The Washington PostDemocracy Dies in Darkness

Brazil’s president is facing impeachment. Here’s a brief guide to what’s next.

Brazil's President Dilma Rousseff is greeted by residents after a signing ceremony for new housing units at the Planalto Palace in Brasilia on May 6. (Ueslei Marcelino/Reuters)

Brazil, one of the world’s largest democracies, is mired in a deep political crisis. The country’s economy is tanking, the scary Zika epidemic continues, and the opening ceremony of the 2016 Summer Olympic Games in Rio is less than three months away.

With Brazil’s leaders enmeshed in power struggles and corruption scandals, the country of 200 million, Latin America’s largest, appears increasingly adrift.
Now comes a major test of where Brazil is headed. On Wednesday, Brazilian senators will likely vote to impeach President Dilma Rousseff, suspending her from office.

With new corruption allegations and indictments surfacing every week, it can be tough to keep track of what’s happening and what’s next.

Here’s a quick guide through Brazil’s political wreckage, in the form of questions and answers about what’s going on.

So Brazil is likely to impeach President Dilma Rousseff on Wednesday?

Senators will vote on a measure already approved by the lower house to put Rousseff on trial, and it doesn't look good for Brazil's president. If a simple majority of 81 senators agree, Rousseff will be suspended and Vice President Michel Temer will be sworn in.

Then what?

The Senate would be turned into a kind of special tribunal to hear arguments and consider evidence for and against Rousseff. Lawmakers would have 180 days to conduct the hearings ahead of a final vote, and a two-thirds majority would be needed to permanently remove the president. Temer would serve out the rest of her term through 2018.

Rousseff says she’ll fight the whole way, but the proceedings are likely to be a bruising ordeal. The Olympics start Aug. 5, so it’s possible Brazilian TV viewers will be flipping channels between track events, swimming races and Rousseff’s impeachment battle.

There’s been some speculation that lawmakers would try to fast-track her impeachment for this very reason, to avoid the damage to Brazil’s international image while global attention is on the Games. But Rousseff, her attorneys and her supporters in the Senate are unlikely to oblige.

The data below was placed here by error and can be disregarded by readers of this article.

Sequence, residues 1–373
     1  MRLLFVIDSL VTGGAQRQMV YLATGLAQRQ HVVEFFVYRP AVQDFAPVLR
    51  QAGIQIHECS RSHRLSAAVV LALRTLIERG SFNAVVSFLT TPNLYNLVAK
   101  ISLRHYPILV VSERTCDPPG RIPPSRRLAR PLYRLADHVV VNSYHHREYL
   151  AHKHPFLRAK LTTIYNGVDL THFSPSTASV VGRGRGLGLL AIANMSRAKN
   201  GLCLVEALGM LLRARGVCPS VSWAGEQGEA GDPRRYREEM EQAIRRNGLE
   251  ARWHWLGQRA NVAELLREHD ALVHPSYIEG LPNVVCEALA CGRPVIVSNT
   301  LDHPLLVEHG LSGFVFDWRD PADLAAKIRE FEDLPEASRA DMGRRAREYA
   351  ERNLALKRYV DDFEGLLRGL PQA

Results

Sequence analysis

So Rousseff is accused of corruption?

Not exactly. Rousseff is accused of using billions' worth of unauthorized loans from government banks, in part to fund social welfare programs that benefit the poor Brazilians who are a key constituency of her leftist Workers’ Party. While this bookkeeping tactic is not especially new among Brazilian presidents, Central Bank figures suggest that it increased significantly over the past several years as the country’s economy deteriorated.

Rousseff denies wrongdoing, but it will be up to senators to decide whether her actions constitute an impeachable offense, or what Brazilian law considers a “crime of responsibility.”

Brazil’s top prosecutor also asked the Supreme Court to investigate Rousseff for allegedly interfering with the massive “Car Wash” corruption scandal at state oil company Petrobras. Rousseff is not one of the dozens of lawmakers under indictment or suspicion of stealing money from Petrobras, but she was the chair of its board of directors when many of her political allies were skimming and taking bribes.

What happens if Rousseff beats the charges?

Rousseff would resume her presidential term, but political analysts say she would be so weakened by the impeachment process that it’s nearly impossible to imagine her being able to recover. Brazil’s system has dozens of political parties, and nothing can get done without coalition-building and deal-cutting. Her enemies are many, and her public-approval rating hovers around 10 percent, according to recent polls.

Can’t they just call new elections?

Surveys indicate that’s what most Brazilians would prefer. But such a scenario is not contemplated by Brazilian law. So lawmakers would have to pass a constitutional amendment, and they don’t seem to be in any mood to help Rousseff save face with a graceful exit.

Who takes over if Rousseff’s out?

Vice President Michel Temer, Rousseff’s former running mate-turned-rival. Temer, 75, has a reputation as a skilled negotiator and dealmaker, but he’s viewed just as negatively by the public as Rousseff. He’s also battled corruption allegations, and he was president of the centrist PMDB party, Brazil’s largest, when prosecutors say it was deeply involved in the graft scheme at Petrobras.

What about former president Lula? Is he still Brazil’s most popular politician? 

Luiz Inácio Lula da Silva, who led Brazil during its economic boom and left office with an 87 percent approval rating in 2010, has fallen, and hard. He’s very much at the center of the storm. He’s still a beloved figure to many Brazilians, especially the poor, but he’s potentially facing a range of charges for corruption and obstruction of justice. He would be eligible to run for president again in 2018 — if he’s not in jail — and has all but said he plans to do so. He's also said he is innocent of the allegations.

How will all of this affect the Summer Olympics in Rio?

It’s a big unknown. Organizers of the Games say Brazil will be ready, put on its best face and set its conflicts aside. But the economic crisis and the political tensions have left Brazilians angry and divided. They may be in no mood to have a party. Then again, it’s Brazil, and the country’s famous Carnival tradition is all about forgetting your problems and having a little fun.